I woke mid-morning Monday, to an email from the Arts Postgrad. Secretary from Royal Holloway. Amazing, a whole faculty to deal with, replies so promptly; Edinburgh's departmental secreatary can't get back to me at all. Well, clerical quibbles aside, it wasn't hugely encouraging. What I proposed was possible, but a place was unlikely without a First, and I was advised to contact the potential supervisor (already had done, pending response), and it was reckoned that funding was also very unlikely as I'd be in the Doctoral range rather than Masters. By this point, I hanf rested hope on a reply from Martin Dzelzainis to make something possible, but it didn't arrive, and my sense of embarrassment at what must have seemed a ludicrous proposal prevented me from following this up at all. What made a wonderful difference, then, was a very friendly, welcoming reply from Dr. Loxley: Dear Keith, Many thanks for your email. I would be delighted to supervise an MSc by research on the topic you suggest, and so would very much welcome an application should you wish to submit one. If you were to be registered for this degree you would undertake the full year's study, with research training suitable for your project provided, and then be free to graduate at the end; should you wish, though, and if everything was going well and such a change was affordable, you could also transfer to PhD and count your year's research as the first year of a three year PhD programme. The resources here are very good, including networked databases such as Early English Books Online, Literature Online, Project Muse (electronic journals), Artstor (visual images) and a very good library of old-fashioned books. Some of these resources are easily available off-campus to matriculated students (broadband connection pretty much essential, though). There are great print and manuscript resources in the National Library of Scotland which are underutilised by researchers, too. So you'd be well provided for. Is there anything else you need to know at this stage? If so, you're welcome to drop me a line. With all best wishes, James Loxley.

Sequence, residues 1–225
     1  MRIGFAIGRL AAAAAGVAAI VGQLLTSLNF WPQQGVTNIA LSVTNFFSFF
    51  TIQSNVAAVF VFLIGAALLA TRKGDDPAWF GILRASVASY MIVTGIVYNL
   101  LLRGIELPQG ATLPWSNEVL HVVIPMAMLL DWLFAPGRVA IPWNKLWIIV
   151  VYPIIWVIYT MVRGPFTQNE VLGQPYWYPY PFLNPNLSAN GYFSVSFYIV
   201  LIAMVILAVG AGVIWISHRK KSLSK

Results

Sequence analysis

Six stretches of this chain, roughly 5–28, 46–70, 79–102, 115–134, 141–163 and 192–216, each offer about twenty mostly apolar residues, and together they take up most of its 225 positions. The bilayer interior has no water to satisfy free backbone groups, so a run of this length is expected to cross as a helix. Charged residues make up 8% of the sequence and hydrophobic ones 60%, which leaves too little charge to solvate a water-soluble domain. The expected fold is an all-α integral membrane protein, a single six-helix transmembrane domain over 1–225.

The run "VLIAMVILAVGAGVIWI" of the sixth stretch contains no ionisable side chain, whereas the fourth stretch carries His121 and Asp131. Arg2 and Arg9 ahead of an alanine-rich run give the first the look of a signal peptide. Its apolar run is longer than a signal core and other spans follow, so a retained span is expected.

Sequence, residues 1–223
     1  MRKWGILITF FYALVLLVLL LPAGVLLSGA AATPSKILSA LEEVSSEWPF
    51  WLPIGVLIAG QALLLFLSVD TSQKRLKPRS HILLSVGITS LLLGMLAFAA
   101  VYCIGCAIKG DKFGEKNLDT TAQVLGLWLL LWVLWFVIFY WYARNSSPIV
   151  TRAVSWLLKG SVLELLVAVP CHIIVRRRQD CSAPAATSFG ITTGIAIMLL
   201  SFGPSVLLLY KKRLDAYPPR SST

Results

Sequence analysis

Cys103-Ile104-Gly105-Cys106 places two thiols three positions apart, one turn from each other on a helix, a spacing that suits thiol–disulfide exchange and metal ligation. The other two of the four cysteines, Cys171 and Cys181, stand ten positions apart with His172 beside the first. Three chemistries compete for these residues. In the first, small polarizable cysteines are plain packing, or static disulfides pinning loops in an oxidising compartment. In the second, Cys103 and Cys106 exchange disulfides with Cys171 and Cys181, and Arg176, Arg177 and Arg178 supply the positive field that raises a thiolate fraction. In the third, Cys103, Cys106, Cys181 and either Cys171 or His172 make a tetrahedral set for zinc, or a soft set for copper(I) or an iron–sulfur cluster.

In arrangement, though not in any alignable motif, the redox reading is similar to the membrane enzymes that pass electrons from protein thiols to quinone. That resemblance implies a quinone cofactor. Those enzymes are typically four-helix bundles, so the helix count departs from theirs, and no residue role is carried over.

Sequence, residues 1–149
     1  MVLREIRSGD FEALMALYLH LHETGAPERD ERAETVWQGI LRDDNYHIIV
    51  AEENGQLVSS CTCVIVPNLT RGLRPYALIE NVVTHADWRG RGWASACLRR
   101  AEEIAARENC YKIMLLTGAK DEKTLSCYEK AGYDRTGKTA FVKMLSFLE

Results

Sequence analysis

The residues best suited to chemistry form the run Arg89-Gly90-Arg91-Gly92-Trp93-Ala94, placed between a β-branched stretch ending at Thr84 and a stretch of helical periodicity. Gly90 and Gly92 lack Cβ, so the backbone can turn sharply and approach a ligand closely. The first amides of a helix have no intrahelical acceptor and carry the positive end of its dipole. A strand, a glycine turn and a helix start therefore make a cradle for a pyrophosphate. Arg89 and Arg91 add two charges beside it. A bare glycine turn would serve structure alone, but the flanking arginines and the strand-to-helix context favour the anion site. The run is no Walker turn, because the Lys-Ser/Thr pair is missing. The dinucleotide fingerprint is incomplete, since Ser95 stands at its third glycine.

I have been impressioning a position of requiring funding, or at least hinting at advice to the best route to take. With a little extra research, as I'd half hinted to Dr. Loxley as a question, could I manage a research degree living at home and travelling up to Edinburgh when required? Nothing like doing things the easy way - absolutely, I could manage this! With the contacts from my old school, I should imagine I might get some allowance from Sunderland and Newcastle libraries should I need it. I think the application to Edinburgh is sold! In fact, after that e-mail, I'm inclined not to apply anywhere else. The problem now is the speed of this application. I remember reading small-print which states that if making an AHRC claim, something has to be registered by March 1st - not long. I've just got some awkward sunken feeling that I've left a big vacuus space regarding my dissertation tutor. It's only just come to light that he might not even have read the thing yet, and he won't provide a reference without having done so. Also, when do I get it back? Confess to being scared to create any kind of research proposal in case the dissertation states some area of argument as being weak or unfeasible. It's going to mean keeping senses awake and astute, and hope and prayer to make sure this great chance doesn't evaporate. Plans have chopped and changed since the start of the academic year: P.G.C.E. to taught Masters in Creative Writing to research Masters ~ and the prospect of Postgrad. work under an academic of Dr. Loxley's calibre on Marvell and Civil War Poetry and all at Edinburgh sounds terrific. I'll be delighted to pull this off, although the ironic truth is now that while it's debatable whether I can afford it financially, I can't afford to miss the opportunity in every other way - I'd be stuck at a dead end. As David Hopkins said regarding the final stages of the dissertation, "Keep thy sword erect". I'll draw it, certainly, and hope to conquer the personal battle.